NEW YORK (AP) — By the end of the year, city corrections officials will end their longstanding practice of sending 16- and 17-year-old inmates to solitary confinement for breaking rules in the nation's second-largest jail system.
The policy change, detailed in a memo from Commissioner Joseph Ponte to Mayor Bill de Blasio last week, follows comments made by Ponte at a public meeting before the oversight board earlier this month in which he detailed reforms to the troubled Rikers Island jail complex.
Last month, a scathing Department of Justice review of how 16- to 18-year-old inmates are jailed on Rikers found that among other things, they are too often subjected to solitary, which is called punitive segregation in New York but referred to by inmates and guards as The Bing.
In one 21-month period, that review found, an average of 150 young inmates received solitary time each month, resulting in a total of 143,823 days in isolation.
About 300 of the 11,500 daily inmates in city jails are 16 and 17 years old, according to the Department of Correction. Of the roughly 530 inmates in solitary on any given day, around 50 of them are teens.
Ponte's proposed reforms, such as ending 23-hour confinement for the adolescents, also included eliminating solitary for about 300 inmates who owe time from previous incarcerations and allowing captains to dole out alternatives to solitary confinement, such as timeouts and the withholding of recreation time, for minor infractions that don't involve serious violence or weapons possession.
They come as the watchdog agency charged with overseeing city jails, the New York City Board of Correction, continues its lengthy process of changing city rules that dictate when and how solitary confinement can be used.
The new rules on solitary, which will carry the force of law, will seek to cement this policy change and others to "prevent what's been happening at Rikers from happening again," board member Bryanne Hamill said.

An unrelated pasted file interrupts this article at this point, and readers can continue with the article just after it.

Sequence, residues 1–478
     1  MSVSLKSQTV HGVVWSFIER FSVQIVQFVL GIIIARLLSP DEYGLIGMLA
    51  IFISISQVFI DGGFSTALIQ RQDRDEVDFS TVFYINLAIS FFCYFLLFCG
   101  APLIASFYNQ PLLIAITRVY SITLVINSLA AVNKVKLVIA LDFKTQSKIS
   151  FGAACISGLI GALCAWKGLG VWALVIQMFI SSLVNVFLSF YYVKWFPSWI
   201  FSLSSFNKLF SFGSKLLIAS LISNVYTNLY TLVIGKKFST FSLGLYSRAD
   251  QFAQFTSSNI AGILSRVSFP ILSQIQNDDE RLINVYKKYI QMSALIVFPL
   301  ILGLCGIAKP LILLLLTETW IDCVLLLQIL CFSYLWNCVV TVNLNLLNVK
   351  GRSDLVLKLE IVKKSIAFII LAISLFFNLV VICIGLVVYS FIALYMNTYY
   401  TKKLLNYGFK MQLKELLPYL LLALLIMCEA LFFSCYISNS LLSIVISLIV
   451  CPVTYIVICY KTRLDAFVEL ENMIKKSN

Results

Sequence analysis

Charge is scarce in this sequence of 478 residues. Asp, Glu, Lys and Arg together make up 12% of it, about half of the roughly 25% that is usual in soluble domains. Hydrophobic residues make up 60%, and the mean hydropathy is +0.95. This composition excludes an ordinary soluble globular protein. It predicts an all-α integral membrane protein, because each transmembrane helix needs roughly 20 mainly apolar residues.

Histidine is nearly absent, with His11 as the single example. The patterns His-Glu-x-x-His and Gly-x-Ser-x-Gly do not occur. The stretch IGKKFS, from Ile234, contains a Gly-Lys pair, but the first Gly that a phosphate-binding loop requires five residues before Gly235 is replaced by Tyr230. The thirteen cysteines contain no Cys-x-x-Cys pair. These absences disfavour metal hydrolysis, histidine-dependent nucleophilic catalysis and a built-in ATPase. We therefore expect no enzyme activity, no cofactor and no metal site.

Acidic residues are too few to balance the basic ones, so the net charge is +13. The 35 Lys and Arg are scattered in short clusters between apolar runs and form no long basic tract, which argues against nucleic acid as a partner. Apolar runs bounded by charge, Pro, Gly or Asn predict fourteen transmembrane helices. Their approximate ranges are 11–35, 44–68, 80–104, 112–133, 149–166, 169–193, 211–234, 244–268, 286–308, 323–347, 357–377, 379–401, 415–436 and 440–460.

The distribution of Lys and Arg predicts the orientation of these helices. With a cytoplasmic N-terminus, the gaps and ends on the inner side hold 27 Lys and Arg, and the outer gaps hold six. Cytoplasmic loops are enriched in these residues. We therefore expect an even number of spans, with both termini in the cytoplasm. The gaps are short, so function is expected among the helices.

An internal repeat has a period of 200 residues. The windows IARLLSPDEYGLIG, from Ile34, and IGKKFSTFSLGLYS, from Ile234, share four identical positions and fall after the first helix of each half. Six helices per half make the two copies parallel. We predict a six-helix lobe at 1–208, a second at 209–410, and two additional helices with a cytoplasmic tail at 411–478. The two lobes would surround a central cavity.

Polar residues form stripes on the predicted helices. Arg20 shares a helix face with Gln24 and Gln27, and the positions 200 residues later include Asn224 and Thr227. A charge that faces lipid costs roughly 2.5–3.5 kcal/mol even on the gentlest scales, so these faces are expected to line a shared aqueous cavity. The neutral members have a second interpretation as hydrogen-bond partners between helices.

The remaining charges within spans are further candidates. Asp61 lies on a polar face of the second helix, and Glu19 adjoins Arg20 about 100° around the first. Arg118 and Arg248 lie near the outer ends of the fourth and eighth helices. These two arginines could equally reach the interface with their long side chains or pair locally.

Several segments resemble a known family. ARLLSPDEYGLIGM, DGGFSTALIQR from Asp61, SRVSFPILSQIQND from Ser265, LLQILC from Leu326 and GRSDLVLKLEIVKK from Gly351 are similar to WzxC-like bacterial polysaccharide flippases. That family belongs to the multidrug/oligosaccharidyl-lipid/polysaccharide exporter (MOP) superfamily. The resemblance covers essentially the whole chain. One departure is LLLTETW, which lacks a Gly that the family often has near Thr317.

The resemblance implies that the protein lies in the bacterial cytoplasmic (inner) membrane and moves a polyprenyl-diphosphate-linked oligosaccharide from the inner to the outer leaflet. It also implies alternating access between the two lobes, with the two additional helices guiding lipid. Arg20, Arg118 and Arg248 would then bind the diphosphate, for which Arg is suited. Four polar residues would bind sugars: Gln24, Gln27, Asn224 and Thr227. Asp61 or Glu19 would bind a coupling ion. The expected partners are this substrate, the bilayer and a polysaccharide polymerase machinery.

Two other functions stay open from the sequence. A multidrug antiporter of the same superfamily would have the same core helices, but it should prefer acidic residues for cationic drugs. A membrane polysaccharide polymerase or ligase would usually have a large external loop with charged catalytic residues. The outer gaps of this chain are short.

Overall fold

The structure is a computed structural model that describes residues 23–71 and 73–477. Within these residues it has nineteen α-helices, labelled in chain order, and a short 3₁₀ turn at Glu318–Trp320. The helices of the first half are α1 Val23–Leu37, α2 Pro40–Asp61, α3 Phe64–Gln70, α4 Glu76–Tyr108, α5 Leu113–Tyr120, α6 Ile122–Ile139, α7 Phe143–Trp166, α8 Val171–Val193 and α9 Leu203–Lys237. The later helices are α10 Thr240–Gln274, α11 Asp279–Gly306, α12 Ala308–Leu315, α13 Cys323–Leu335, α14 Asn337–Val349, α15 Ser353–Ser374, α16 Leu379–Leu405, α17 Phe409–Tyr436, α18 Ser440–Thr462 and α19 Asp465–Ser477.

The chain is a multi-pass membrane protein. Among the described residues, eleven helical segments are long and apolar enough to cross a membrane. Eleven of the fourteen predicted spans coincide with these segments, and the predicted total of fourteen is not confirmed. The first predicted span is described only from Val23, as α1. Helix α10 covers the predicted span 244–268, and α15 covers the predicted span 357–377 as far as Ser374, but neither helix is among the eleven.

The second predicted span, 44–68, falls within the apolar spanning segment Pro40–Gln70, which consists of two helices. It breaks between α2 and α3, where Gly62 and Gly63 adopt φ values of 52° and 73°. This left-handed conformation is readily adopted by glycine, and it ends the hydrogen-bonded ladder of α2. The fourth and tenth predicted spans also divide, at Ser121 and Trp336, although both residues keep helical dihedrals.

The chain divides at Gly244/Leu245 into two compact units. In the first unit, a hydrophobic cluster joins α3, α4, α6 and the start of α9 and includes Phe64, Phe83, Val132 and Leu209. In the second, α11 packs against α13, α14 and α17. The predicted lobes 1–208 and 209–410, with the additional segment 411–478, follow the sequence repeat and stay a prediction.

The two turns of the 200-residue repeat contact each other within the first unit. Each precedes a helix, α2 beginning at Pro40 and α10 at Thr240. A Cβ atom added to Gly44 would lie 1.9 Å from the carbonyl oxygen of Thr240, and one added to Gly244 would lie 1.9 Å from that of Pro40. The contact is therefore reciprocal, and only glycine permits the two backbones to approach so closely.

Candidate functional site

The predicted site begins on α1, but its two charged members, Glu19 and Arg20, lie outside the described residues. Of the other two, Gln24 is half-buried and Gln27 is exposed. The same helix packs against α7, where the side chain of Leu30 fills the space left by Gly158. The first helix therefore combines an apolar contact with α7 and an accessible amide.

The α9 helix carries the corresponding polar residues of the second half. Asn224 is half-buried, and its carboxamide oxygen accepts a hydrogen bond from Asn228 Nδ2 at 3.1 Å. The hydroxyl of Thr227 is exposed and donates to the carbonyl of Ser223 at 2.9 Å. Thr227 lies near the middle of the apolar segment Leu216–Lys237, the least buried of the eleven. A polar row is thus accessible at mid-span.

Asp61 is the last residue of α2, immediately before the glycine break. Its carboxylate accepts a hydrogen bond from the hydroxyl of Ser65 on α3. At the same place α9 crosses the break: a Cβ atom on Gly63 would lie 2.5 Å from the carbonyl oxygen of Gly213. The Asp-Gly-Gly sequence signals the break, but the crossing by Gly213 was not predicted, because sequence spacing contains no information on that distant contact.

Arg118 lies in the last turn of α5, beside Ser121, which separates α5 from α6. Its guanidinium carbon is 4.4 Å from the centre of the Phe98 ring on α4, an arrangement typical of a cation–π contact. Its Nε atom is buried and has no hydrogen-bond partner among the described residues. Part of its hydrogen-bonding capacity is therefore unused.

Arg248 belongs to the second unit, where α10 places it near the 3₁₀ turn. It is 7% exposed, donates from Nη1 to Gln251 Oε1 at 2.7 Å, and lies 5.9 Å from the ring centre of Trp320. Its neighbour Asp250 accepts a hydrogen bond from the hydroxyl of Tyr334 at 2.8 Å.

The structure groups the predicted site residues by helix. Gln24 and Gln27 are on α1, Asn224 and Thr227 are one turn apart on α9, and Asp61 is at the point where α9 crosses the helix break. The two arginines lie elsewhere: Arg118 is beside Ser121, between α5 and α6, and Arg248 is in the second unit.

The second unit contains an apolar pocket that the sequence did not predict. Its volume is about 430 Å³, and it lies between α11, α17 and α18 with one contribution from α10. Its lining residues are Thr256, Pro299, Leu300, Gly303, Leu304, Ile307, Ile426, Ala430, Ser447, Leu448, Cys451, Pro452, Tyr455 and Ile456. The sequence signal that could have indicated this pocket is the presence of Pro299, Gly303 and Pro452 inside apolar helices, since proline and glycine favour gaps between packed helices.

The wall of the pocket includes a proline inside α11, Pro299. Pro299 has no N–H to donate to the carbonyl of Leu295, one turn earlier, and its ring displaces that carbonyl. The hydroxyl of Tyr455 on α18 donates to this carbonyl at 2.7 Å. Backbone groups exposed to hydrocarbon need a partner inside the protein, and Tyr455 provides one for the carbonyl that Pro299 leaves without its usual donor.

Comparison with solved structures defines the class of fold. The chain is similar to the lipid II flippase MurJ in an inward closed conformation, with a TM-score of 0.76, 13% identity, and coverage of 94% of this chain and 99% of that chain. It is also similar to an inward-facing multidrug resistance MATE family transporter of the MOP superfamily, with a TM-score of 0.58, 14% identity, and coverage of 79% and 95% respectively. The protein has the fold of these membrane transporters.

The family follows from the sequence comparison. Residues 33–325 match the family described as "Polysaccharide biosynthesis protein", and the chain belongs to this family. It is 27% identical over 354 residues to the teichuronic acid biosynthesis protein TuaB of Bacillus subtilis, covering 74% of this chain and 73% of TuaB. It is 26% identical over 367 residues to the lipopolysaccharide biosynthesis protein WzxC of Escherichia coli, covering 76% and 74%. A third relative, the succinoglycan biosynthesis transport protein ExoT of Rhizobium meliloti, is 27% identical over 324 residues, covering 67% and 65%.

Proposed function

"We know now how extremely harmful the use of solitary is on adolescents," she said. "We're very pleased he's doing this."
Ponte, a reformer who was credited with reducing by two-thirds the use of solitary in Maine prisons, also said in the memo, first reported by the New York Times, that he has recruited more adolescent-friendly staff, has cut from 33-to-1 to 15-to-1 the inmate to staff ratio in the adolescent jail, and has revamped training to include trauma-informed care.
Advocates have long decried the use of solitary, which they say can exacerbate existing mental illnesses and serves no rehabilitative purpose. Jail guards say it's a necessary tool to control unruly and violent inmates.
Ponte's memo left unanswered what plans he has for 18-year-olds, who by a recent change in state law must be separated from the 16- and 17-year-olds and are to be grouped on Rikers in young adult housing for 18- to 21-year-olds. The DOJ report on adolescent inmates, which recommended moving them entirely off of Rikers, considered adolescents inmates between 16- and 18-years-old.
A City Council oversight hearing on the DOJ report is scheduled for next week.